If you fit one of these categories, then we would really appreciate if could attend one of our focus groups and share your experiences in a group of Lib Dem women. Our focus groups will be held weekday evenings in London over the 2-week period 14th – 24th May. We will be holding similar sessions with all the major political parties in cities around the UK.

All the information you share will be anonymised and treated in strictest confidence. Focus groups will be facilitated by a member of the Fawcett Society team. Food and refreshments will be provided.

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Jo Swinson on sexism, making space for learning and how equal power benefits us all

There’s a really good interview with Jo Swinson in online publication The Debrief. She talks about her book, Equal Power, and about how to combat the polarising culture we find ourselves in. Making time for learning is something she has found useful. Perhaps men who feel threatened by feminism might wish to approach the subject the way she approached the issue of racism by reading up and empathising with those who experience it. That, by the way, is something we should all think about in the wake of the Alderdice Review.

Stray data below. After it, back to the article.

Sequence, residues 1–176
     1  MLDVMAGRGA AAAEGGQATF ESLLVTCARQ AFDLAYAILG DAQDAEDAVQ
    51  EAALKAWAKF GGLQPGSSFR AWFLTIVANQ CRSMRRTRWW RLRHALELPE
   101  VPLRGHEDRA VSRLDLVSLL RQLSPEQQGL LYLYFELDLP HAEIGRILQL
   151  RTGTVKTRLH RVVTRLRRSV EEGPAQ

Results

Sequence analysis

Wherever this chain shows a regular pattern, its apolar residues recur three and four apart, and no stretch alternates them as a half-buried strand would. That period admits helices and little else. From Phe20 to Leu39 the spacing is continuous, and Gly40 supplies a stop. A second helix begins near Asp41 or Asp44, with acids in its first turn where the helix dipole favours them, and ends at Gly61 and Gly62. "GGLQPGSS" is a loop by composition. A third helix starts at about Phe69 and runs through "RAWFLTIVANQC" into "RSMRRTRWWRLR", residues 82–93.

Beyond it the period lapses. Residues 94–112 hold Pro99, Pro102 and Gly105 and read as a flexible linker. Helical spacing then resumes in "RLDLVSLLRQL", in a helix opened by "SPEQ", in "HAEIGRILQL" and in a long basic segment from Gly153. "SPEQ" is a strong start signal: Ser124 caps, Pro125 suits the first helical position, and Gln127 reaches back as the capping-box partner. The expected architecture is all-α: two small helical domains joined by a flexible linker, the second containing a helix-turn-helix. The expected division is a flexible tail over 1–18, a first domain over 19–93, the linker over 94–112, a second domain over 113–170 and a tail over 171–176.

In our Twitter age…in this very polarised time where everything is painted in a very extreme light. It’s made to seem as though it’s one thing or its polar opposite but there has to be space for learning’. The truth is that the continuing fight for true equality between men and women is not, as Parris kept suggesting, about ‘winning’. Women’s equality will not be ‘won’ at the expense of men because a truly equal society will benefit us all.

A good example for the benefits of creating space for learning as opposed to polarising opposition, Swinson tells me was the impact of Renni Eddo-Lodge’s book Why I’m No Longer Talking To White People About Race. After reading it, she says she is ‘much more aware of the privilege’ she has ‘as a white skinned person’. Reading the book did not make her defensive or protective of her privilege but instead made her think ‘oh my goodness have I been blind to injustice’. She explains ‘in the same way that I’ve not experienced discrimination or discrimination about my sexual orientation, I have to listen and learn to people who have and realise that privilege – it’s similar for men – they might get it, or they might not get it, but they want to – we need to speak with them, so they can learn – this is what I suggest in my book – talking to your male friends and colleagues about your experiences’. Even individual conversations within a personal circle of trust can be powerful, she says in helping people to understand power dynamics because ‘when it’s your friend, sister or daughter telling you it’s harder to dismiss and easier to understand.’

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There’s no hypocrisy in putting grid girls out of work